Ogilvy Noor is led by a team of experts based across Ogilvy's key Muslim market offices worldwide including Dubai, Pakistan, Malaysia and the UK.
In partnership with TNS, Ogilvy & Mather has also launched a report titled "Brands, Islam and the New Muslim Consumer", which is based on a two year survey on what drives Muslims as consumers, against the vast backdrop of ethnic, economic, political and religious diversity of the Muslim world.
Researchers looked at Islam through the lens of the tangible effect it has on how lives are lived and how that in turn affects brands and business. The research has identified trends and opportunities that are emerging from the world’s most interesting, dynamic yet controversial “marketplace”.
The Muslim consumer is viewed as a critically important segment for marketers, with the halal segment alone worth US$2.1 trillion, and growing at US$500 billion annually.
The report debunks many of the stereotypes that surround Muslim consumer attitudes towards brands and their marketing communications. For example, halal labels, while important to showcase certification, are no longer sufficient to persuade the New Muslim Consumer that the company behind the product conducts its business in line with Islamic values.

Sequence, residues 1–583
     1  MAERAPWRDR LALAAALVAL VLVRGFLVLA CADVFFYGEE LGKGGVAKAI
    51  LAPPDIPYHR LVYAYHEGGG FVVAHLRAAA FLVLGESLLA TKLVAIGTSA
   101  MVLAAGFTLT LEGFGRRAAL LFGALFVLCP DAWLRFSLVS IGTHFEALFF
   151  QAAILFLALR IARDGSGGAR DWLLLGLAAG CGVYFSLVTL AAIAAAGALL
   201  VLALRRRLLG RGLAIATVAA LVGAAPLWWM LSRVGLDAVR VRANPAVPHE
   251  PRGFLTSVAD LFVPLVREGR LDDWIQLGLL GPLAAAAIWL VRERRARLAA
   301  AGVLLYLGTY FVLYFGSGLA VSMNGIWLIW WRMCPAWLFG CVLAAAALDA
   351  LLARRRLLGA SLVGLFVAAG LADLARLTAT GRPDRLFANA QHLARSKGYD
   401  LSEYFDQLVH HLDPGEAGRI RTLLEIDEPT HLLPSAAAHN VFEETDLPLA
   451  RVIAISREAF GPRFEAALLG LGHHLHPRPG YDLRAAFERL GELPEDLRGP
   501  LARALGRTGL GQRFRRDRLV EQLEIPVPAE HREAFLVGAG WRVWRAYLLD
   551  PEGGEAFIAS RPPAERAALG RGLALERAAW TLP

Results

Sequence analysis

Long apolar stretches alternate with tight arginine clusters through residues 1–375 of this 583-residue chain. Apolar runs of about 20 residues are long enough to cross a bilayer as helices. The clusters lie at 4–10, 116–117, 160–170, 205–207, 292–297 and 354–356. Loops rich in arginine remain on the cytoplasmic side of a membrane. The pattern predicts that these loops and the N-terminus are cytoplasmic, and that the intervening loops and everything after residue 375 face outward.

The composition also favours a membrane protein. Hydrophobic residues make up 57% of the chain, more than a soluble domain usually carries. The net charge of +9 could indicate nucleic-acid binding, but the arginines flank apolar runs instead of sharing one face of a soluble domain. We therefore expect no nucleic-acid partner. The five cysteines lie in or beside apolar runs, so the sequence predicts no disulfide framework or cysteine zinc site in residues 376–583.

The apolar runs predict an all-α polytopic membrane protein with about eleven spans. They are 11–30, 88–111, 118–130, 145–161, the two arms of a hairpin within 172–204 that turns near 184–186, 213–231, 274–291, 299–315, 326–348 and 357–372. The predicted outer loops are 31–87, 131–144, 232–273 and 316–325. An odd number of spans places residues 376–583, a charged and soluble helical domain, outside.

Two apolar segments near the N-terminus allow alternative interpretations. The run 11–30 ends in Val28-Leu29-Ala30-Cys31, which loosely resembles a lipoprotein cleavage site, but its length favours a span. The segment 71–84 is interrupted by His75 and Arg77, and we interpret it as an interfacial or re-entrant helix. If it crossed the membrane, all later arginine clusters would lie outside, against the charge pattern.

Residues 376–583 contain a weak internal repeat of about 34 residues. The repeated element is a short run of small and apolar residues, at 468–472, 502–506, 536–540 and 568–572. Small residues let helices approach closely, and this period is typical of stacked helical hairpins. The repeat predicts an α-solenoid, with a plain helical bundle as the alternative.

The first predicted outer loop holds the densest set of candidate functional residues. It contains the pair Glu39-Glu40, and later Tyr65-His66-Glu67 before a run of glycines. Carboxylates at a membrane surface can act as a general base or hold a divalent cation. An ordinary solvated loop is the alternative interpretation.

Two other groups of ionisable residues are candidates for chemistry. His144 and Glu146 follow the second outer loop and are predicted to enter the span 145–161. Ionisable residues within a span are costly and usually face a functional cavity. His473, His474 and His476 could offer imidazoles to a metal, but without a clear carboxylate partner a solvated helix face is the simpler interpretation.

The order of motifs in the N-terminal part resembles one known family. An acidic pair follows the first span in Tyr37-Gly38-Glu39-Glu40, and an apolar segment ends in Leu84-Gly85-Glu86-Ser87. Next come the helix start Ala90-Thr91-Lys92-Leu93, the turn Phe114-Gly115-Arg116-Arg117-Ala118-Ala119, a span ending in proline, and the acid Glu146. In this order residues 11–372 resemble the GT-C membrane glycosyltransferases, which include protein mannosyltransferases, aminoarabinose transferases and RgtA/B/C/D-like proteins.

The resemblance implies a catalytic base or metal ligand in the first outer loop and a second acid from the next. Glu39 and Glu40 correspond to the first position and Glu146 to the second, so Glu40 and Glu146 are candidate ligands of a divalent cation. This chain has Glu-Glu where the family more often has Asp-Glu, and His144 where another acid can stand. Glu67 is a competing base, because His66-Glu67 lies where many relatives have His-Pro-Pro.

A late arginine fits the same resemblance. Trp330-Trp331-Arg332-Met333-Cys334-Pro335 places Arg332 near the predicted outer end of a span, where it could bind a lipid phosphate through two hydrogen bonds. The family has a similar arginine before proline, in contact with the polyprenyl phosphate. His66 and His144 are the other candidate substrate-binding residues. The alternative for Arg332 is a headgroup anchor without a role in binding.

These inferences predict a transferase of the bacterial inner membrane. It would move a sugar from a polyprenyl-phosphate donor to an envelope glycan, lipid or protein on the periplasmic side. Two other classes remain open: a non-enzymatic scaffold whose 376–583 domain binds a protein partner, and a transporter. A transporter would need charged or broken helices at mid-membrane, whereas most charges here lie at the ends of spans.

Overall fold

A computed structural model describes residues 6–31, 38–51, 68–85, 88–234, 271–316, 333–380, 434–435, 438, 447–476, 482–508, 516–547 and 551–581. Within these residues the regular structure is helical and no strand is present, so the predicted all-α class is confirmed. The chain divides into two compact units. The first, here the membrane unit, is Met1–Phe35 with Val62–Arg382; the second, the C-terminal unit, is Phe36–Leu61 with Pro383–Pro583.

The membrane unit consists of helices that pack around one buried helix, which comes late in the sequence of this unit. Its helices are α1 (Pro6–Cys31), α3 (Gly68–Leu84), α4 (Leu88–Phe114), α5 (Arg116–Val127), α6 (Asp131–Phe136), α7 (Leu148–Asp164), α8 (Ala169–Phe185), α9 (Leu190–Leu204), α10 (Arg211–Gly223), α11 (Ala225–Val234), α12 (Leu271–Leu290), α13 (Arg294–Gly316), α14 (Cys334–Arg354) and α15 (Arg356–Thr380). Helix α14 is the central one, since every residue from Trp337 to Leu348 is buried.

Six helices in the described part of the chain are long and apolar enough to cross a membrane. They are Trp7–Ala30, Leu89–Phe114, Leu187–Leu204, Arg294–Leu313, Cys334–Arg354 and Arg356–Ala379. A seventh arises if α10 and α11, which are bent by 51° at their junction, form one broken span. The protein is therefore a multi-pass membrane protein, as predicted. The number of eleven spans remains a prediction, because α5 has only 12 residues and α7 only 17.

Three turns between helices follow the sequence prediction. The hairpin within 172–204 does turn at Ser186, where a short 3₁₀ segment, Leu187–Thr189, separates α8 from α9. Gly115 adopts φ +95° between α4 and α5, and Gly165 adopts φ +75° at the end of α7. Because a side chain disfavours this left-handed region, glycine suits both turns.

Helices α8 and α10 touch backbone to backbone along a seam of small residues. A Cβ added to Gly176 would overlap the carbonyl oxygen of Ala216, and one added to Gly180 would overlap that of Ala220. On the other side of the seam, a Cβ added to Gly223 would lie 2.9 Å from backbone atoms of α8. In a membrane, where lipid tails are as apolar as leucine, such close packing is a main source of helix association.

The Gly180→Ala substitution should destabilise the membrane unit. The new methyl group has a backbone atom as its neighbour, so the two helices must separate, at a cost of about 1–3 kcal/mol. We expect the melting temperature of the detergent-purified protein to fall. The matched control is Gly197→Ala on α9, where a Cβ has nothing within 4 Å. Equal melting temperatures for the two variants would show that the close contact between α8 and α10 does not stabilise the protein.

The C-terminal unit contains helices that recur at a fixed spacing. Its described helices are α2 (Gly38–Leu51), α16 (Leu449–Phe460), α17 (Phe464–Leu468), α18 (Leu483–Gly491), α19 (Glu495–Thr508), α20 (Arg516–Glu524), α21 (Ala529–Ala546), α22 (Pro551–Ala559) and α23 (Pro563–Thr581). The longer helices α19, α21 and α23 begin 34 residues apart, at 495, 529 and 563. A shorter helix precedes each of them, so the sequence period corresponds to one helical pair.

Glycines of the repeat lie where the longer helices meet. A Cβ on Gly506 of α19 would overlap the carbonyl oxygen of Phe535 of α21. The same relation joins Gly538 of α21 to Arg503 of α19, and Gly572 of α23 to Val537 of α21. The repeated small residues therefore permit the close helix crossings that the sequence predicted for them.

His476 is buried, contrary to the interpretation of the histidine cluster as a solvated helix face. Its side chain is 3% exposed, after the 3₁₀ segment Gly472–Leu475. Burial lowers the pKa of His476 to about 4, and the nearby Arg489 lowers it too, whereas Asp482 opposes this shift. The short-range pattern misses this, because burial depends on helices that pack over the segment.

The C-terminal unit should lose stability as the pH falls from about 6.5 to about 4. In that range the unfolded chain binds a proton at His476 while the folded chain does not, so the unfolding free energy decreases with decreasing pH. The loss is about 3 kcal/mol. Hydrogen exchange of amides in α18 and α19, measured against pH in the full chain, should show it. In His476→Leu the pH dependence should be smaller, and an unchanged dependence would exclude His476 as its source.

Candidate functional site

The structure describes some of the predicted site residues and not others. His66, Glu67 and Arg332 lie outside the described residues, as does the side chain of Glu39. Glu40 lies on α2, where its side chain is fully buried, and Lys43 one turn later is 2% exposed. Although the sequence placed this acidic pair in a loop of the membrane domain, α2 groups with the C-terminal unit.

A key part of this report is the Noor Global Brand Index, which is a preliminary exploration of the consumer perception of halal status and Shariah compliance, or relative the ‘Muslim-friendliness’ of certain global brands across the world today.
Miles Young, Global CEO of Ogilvy & Mather Worldwide, said: “A market of 1.8 billion people that has scarcely been tapped, Muslim consumers offer enormous potential to businesses around the world – but only if their values are fully understood. While there are vast and colorful differences among the populations surveyed, we identified behavioral trends and insights that would be valuable to marketers in developing meaningful relationships with this emerging global constituency.”
In addition, the survey provides insight into Shariah values and how brands can align with them. Significantly, the report sheds light on how these practices are closely aligned with the existing universal ideals of good business practices, such as authenticity and transparency, which have only become more important for global business in recent years.
According to a statement by Ogilvy, this study becomes particularly important given the risk associated with the boycotting of brands in instances where Muslim consumers are alienated.